ACCPAC pushes eCRM to the region

As the region’s end user community flocks to Dubai for the Middle East Call Centre & eCRM conference at Dubai’s Chamber of Commerce, ACCPAC is busy pushing the most recent version of its online customer relationship management offering, ACCPAC eCRM.

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By  Matthew Southwell Published  January 22, 2002

As the region’s end user community flocks to Dubai for the Middle East Call Centre & eCRM conference at Dubai’s Chamber of Commerce, ACCPAC is busy pushing the most recent version of its online customer relationship management offering, ACCPAC eCRM.

Keith Fenner, assistant vice president, Internet business, ACCPAC EMEA, explains that CRM is, currently, a very strategic application for the vendor as it strives to deliver its end-to-end e-business strategy that is designed to take local businesses “from the warehouse to the web store.”

And, according to Marc Van der Ven, regional manager for ACCPAC, there is a real need for such customer serving applications throughout the Middle East at present as entrance to the WTO looms for many of the region’s countries.

“In this market we are dealing with early adopters and beyond. Every large sized company in the Middle East is starting to think about CRM because they are realising that their competitors are going that way. The truth is that, with entrance to the WTO, competition will get a lot harder here… Therefore, they are putting things such as CRM in place,” he explains.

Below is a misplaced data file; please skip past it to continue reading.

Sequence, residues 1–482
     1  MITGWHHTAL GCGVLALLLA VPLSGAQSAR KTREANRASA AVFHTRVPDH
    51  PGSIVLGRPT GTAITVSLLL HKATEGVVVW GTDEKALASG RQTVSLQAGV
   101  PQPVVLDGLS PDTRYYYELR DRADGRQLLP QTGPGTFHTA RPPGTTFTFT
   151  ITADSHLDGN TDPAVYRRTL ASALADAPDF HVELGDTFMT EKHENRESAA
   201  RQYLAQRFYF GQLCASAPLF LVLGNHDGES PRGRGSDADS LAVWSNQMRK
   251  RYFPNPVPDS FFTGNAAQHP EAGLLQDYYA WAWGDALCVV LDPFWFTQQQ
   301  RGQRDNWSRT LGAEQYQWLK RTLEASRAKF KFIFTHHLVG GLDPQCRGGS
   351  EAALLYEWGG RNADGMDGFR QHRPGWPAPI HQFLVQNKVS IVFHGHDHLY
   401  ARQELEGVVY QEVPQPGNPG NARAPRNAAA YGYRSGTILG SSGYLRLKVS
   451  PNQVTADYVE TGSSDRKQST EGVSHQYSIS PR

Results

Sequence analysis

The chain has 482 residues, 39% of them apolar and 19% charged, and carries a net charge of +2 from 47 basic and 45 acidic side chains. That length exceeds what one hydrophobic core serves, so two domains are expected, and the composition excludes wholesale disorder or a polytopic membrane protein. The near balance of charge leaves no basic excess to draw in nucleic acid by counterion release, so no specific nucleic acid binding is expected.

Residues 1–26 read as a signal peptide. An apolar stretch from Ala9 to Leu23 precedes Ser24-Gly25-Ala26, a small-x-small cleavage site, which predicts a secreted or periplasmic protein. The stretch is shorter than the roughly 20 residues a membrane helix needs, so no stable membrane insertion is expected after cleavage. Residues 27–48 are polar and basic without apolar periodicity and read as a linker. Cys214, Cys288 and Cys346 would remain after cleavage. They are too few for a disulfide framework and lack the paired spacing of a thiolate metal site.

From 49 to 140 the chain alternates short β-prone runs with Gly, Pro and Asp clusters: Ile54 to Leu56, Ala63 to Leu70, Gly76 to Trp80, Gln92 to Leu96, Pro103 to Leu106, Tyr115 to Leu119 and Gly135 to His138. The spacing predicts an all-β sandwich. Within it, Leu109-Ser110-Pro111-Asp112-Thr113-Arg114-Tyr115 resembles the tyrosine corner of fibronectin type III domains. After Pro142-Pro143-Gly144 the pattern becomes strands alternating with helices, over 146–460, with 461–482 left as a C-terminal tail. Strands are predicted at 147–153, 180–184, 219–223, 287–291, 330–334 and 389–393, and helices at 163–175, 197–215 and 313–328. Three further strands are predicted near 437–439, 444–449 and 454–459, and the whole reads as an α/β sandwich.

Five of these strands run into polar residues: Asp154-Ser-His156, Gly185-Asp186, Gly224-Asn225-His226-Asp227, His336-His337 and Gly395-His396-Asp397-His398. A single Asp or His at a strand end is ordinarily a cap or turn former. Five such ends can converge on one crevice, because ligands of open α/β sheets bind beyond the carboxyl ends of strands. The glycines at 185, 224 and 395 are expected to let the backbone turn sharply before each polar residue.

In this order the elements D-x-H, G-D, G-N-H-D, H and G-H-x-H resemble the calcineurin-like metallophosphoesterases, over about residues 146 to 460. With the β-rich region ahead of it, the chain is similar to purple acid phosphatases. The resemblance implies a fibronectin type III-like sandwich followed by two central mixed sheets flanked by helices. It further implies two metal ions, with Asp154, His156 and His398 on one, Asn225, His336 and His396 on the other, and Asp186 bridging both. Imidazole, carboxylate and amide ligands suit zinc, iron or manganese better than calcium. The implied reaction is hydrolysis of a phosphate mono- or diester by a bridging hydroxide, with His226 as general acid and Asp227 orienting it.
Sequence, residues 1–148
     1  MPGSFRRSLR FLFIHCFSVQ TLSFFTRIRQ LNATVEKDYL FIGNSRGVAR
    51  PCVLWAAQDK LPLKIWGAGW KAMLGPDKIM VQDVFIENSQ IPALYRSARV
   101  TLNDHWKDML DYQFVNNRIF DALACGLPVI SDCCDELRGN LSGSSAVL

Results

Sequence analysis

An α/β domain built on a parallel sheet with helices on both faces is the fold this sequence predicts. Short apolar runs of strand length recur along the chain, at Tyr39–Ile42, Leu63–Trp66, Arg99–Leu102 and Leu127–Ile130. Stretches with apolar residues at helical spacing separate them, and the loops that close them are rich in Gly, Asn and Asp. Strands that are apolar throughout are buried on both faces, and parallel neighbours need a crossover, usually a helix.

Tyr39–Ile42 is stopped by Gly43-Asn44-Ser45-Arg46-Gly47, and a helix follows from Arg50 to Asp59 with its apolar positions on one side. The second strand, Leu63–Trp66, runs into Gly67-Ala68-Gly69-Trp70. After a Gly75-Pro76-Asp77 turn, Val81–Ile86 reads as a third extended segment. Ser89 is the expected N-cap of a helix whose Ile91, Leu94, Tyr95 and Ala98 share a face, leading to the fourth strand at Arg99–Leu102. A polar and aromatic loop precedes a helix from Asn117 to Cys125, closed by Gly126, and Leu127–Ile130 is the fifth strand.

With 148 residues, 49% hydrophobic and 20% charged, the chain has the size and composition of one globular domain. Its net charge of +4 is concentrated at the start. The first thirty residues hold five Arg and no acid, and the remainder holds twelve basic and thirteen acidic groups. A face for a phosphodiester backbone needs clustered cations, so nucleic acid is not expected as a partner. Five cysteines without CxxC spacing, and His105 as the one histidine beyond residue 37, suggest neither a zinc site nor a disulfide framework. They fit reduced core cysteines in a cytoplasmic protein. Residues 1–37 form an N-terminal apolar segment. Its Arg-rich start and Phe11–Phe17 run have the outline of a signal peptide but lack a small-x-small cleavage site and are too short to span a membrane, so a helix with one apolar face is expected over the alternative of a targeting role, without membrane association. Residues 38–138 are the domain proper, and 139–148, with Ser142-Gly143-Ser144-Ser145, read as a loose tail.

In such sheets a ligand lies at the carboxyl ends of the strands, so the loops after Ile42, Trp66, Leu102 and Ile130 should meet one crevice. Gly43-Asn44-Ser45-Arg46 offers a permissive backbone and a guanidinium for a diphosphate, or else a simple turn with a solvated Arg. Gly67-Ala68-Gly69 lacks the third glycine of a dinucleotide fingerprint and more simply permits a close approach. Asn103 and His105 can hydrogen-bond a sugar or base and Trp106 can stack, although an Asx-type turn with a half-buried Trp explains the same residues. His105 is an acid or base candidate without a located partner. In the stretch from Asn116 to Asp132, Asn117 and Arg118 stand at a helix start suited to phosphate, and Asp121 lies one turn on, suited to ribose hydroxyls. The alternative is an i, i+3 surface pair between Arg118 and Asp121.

Despite the vigour with which ACCPAC is pushing its CRM offering, Fenner is well aware that one of the ultimate goals of CRM – the face-to-face recognition of a customer wherever they interact with an organisation – is still some way off.

“The next step is coming but it has to come via the Web. This is the only way that it can be delivered effectively and until we have the communication channels in place, such as broadband, it is not going to be a reality,” he says

Broadband, he continues, is key because it allows businesses to centralise their customer information and then deliver it to the point of contact, on demand and in real-time. “The strategy that we are following is any time, anywhere, any device,” he adds.

To this end, mobility is also key because unless the employee interfacing with the customer can access the relevant information they have little to offer in terms of CRM. As such, ACCPAC is working with the likes of Compaq, Casio and Palm to ensure that its applications are PDA compatible.

“CRM [applications] have to be written for the Web [because] this means that users can be anywhere on the planet and still look at customer information either through a laptop or a PDA. If a salesman can do that then they are armed for business,” comments Fenner.

Van der Ven also adds that the software by itself is useless unless companies embrace a customer centric attitude. “A business can implement an entire CRM system and it can fail, because it won’t mean a thing to its customers unless the company’s attitude has changed at the same time. Implementing software is not going to solve any customer care problems unless a business changes the culture behind it,” he says.

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